Tiny Homes, RVS and Millennials- What this all means to your employee benefit and engagement strategy

The demand for tiny homes and RVs is on the rise. And millennials are driving these sales. As an article in USA Today stated, Trailers, not motor homes, make up a large part of this growth, now accounting for 87% of the units sold, the association says. Buyers are likely to be Millennials, those in their 20s or early 30s, including a lot of young couples who don’t have kids yet…. For Buckles and many other first-time RV buyers, the focus is more on the short term. She and her husband Josh hope to use their new trailer to drive to barbecue competitions and enjoy the outdoors

Is the role of the millennial male changing the way they lead at work?

If you still watch TV these days and don’t fast forward through the commercials, you’ll begin to notice a trend. More and more consumer products commercials are now geared towards men, not women. Men are washing the clothes, buying the groceries, making purchases for their children and making the decisions that we typically associate with females/mom. A CBS Sunday Morning piece recently cited that 80 percent of dads born after 1980 are the primary grocery shopper.  The piece goes on to highlight the changing role of men in the home: “A father would come home, read the newspaper, not pay much attention to

Millennials – Seekers of a Professional Development Fix

Written by: Taylor Simmons of Horizon Point Consulting As a member of the Gen-X population, all the hype regarding how different millennials are is intriguing to me – especially considering the work I do in career development. I did a quick search on millennials and career development and was enlightened to find that for the most part, they love to grow in their field and crave professional development. According to Gallup: Millennials fundamentally think about jobs as opportunities to learn and grow. Their strong desire for development is, perhaps, the greatest differentiator between them and all other generations in the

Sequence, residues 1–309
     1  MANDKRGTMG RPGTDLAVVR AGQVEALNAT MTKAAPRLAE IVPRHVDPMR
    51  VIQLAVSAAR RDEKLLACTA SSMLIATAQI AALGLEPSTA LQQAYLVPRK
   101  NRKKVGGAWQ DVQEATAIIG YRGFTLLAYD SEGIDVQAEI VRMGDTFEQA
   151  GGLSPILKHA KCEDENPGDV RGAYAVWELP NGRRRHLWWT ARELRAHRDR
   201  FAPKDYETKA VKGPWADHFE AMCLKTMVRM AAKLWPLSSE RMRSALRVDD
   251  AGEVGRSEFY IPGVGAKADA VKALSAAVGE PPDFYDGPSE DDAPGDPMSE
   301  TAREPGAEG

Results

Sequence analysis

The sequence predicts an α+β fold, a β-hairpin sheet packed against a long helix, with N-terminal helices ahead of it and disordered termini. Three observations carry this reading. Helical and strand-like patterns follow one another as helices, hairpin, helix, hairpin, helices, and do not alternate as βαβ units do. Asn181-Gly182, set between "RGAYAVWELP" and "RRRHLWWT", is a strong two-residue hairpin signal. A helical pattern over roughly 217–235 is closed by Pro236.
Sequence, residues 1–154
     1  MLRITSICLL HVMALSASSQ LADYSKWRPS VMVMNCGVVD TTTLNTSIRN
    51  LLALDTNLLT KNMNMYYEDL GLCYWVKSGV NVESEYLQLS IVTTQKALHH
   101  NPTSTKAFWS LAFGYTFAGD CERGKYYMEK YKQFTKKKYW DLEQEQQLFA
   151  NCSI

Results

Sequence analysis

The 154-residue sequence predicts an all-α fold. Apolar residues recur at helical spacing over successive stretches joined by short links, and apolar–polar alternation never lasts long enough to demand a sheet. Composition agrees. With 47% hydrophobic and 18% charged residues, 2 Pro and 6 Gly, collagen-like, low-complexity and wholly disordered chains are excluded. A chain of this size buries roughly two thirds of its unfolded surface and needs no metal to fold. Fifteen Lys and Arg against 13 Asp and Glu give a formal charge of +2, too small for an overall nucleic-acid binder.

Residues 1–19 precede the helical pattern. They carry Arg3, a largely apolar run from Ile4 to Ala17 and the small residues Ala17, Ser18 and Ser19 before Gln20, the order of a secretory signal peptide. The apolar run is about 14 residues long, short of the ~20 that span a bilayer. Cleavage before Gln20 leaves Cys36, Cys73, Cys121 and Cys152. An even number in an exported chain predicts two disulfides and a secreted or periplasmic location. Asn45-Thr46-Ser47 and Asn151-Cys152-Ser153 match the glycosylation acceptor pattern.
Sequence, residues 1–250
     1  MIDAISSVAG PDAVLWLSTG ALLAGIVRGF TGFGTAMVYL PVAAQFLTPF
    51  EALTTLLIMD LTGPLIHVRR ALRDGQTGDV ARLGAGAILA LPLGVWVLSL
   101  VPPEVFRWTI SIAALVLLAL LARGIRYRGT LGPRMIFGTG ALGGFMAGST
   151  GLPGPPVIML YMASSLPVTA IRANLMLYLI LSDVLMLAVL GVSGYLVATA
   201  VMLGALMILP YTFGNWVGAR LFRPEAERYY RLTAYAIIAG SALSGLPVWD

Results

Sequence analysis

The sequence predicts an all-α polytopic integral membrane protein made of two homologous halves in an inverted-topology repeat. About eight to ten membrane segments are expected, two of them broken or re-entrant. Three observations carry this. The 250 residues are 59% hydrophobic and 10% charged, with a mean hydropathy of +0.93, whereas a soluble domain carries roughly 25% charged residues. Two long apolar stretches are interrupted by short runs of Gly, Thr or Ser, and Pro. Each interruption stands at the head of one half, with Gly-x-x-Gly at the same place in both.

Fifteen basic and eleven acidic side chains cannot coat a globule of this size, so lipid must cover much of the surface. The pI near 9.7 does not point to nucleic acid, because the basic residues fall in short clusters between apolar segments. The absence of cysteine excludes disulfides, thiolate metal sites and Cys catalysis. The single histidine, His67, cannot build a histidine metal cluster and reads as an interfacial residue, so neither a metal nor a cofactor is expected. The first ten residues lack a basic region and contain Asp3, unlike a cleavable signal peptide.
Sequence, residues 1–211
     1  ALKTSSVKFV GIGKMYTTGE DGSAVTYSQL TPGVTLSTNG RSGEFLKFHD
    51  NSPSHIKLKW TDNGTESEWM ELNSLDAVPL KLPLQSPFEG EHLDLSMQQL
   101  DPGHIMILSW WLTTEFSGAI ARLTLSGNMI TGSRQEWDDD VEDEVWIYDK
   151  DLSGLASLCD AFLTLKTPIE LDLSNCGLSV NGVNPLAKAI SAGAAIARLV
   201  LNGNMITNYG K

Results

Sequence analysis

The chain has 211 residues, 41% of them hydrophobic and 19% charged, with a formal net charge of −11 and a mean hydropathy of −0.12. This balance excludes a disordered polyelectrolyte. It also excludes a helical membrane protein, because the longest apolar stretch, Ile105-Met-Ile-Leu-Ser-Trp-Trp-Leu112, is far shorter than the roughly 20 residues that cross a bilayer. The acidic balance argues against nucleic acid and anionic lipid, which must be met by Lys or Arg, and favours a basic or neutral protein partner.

A Culture Where Nothing Is Ever Good Enough and How to Fix It: An Interview with Rajeev Behera CEO of Reflektive

1 in 4 people say their jobs are the most stressful part of their lives. What is creating stress in the workplace and how can it be resolved? Rajeev Behera, CEO of Reflektive, says that a fear-based work culture where nothing is ever good enough is a main cause of stress in the workplace. This occurs when managers use intimidation tactics, putting more value on the employees that put in the most hours, instead of those who are team players. Rajeev saw this first-hand in his work life before founding Reflektive, a performance management and talent development software company, where

Do Mentors Matter More than Bosses and Parents? How to Establish Mentor/Mentee Relationships

“Not having a mentor is just stupid,” said a young and successful sales professional in a meeting I attended a few weeks ago.   She was giving the group advice on how to be successful in sales. I couldn’t agree with her more.  Not having a least one mentor (and seeking to be a mentor to someone else) is just about the dumbest mistake you can make in business. I was fortunate to have a wonderful academic and professional mentor in college (he passed away a few years ago and I still miss his sound advice), and I continue to have